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Rheuma Case: 49-year-old Woman with R Proximal Thumb Pain

by Stephen Holt, MD, MS

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    00:00 Okay, having reviewed those radiographs, let's talk about the next case.

    00:05 This time we have a 49-year old woman without any significant past medical history who presents with right, proximal thumb pain for the past 3 weeks.

    00:13 Now she describes this pain as an intermittent dull ache and rates it as a 6 out of 10 in severity.

    00:19 She notices the pain most at her job where she works in construction using a power drill.

    00:24 She's managed her pain with ice and rest but now the discomfort has started to limit her ability to perform her basic functions of her occupation.

    00:31 She denies any growths, no swellings, no erythema on her hand.

    00:35 Gross inspection, similarly, no overlying skin changes.

    00:39 No warmth, no swelling, no nodules, no deformities and no evidence of atrophy.

    00:44 On palpation, you note mild tenderness at the scaphoid with more significant tenderness at the base of the thumb, the first carpometacarpal joint and there is also some mild crepitus noted at this location as well.

    00:58 Range of motion - fully intact at the wrist.

    01:00 There's some mild discomfort with abduction and opposition of the thumb.

    01:05 Strength is within normal limits at the wrist and the fingers and maneuvers, the Eichoff test is negative and the Phalen's test is negative.

    01:14 Hopefully, we'll review those again soon.

    01:17 Alright, so let's look at some key features here.

    01:19 This sounds like a subacute time course, it's been going on for a couple of weeks.

    01:24 The pattern of joint involvement, it's one joint, so it's monoarticular.

    01:29 Evidence of joint inflammation, we're not seeing any warmth or swelling so we can say that there's no joint inflammation And we don't hear anything to suggest any systemic involvement.

    01:40 So let's take a look at our list of potential diagnosis.

    01:44 First up, DeQuervains tenosynovitis.

    01:47 I'll remind you that tenosynovitis simply means inflammation of a tendon.

    01:51 In this case, DeQuervain's is tendonopathy of the abductur pollicis longus and extensor pollicis brevis tendons which help with thumb movement and it's common in patients with repeated ulnar strain injuries like from lifting babies, playing video games, occupational hazzards.

    02:08 The most useful test for this diagnosis is called the Eichoff test, though occasioanally, it's misconstrude as being called the Finkelstein test and it's the classic maneuver used to diagnose DeQuervain's.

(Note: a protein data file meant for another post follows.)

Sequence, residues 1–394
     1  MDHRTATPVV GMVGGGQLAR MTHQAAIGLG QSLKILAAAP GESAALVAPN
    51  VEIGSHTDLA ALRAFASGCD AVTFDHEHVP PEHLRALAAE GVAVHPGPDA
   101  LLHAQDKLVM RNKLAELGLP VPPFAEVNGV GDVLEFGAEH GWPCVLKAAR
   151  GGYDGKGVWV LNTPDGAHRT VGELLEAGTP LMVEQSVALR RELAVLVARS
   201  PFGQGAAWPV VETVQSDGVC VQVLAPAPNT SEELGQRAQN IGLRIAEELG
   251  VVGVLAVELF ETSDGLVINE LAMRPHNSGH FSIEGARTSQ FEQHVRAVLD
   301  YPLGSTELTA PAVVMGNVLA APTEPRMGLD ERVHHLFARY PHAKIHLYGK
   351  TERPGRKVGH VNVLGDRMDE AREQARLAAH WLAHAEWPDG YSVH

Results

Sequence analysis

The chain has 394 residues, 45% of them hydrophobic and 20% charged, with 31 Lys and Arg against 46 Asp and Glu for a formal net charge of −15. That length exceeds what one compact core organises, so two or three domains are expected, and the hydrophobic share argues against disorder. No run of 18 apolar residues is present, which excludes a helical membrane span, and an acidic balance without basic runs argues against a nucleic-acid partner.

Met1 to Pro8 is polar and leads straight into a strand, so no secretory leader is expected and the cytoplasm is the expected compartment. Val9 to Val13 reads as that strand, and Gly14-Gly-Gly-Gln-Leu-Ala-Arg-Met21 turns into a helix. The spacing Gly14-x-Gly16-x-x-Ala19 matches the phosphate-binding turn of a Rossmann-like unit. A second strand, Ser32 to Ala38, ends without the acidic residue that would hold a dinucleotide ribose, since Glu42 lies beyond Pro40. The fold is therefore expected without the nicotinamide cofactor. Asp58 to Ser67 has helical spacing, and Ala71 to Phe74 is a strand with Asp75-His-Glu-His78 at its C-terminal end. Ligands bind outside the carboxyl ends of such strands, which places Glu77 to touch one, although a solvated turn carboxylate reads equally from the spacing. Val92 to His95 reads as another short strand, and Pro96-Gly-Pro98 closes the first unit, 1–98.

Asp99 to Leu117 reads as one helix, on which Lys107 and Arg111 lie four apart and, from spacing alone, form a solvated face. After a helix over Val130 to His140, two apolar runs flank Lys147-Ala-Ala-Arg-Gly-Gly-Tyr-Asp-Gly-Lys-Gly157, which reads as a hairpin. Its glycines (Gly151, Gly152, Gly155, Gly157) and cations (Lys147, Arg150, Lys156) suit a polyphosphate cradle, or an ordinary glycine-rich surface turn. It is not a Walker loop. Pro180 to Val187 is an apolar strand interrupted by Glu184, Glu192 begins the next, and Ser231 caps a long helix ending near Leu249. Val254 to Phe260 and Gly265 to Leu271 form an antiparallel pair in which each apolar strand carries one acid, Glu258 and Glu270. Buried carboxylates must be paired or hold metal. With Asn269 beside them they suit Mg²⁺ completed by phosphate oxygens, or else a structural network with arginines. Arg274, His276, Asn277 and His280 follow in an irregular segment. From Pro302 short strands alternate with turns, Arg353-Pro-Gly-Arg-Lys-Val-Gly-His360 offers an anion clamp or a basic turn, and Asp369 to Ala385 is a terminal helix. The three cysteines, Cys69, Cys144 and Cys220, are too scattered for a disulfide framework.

02:19 Well, in our patient, we had a negative Eichoff test, so we can safely take that one off the list.

    02:24 Next stop is carpal tunnel syndrome.

    02:27 Now, carpal tunnel syndrome most typically presents with paresthesias of the 1st, 2nd and 3rd fingers, remember the median nerve distribution, rather than focal pain at the 1st CMC joint.

    02:40 This shown here is the Phalen's test which is not the best test for carpal syndrome but this one of the more common ones you hear about and that test was negative.

    02:48 So, I feel comfortable taking that off the list as well.

    02:53 Next up is osteoarthritis.

    02:55 Well, it turns out that the 1st CMC joint, shown here with the green circle, is actually a common place for osteoarthritis.

    03:03 So, this is the most likely diagnosis right now.

    03:07 And lastly, a scaphoid fracture shown here is a very unlikely diagnosis in the absence of any trauma.

    03:14 So, we can very quickly take that one off of our list as well even if it's in the right location for our patient's pain.

    03:20 So, yes, I made it easy on you guys this round.

    03:23 Two diagnoses of osteoarthritis in a lecture called osteoarthritis.

    03:28 Happy birthday and you're welcome.


    About the Lecture

    The lecture Rheuma Case: 49-year-old Woman with R Proximal Thumb Pain by Stephen Holt, MD, MS is from the course Non-Autoimmune Arthritis.


    Included Quiz Questions

    1. Eichoff test
    2. Bunnell test
    3. Phalen's test
    4. Tinel sign
    5. Watson test
    1. carpal tunnel syndrome
    2. DeQuervain's tenosynovitis
    3. Cubital tunnel syndrome
    4. Kienbock disease
    5. Scaphoid nonunion

    Author of lecture Rheuma Case: 49-year-old Woman with R Proximal Thumb Pain

     Stephen Holt, MD, MS

    Stephen Holt, MD, MS


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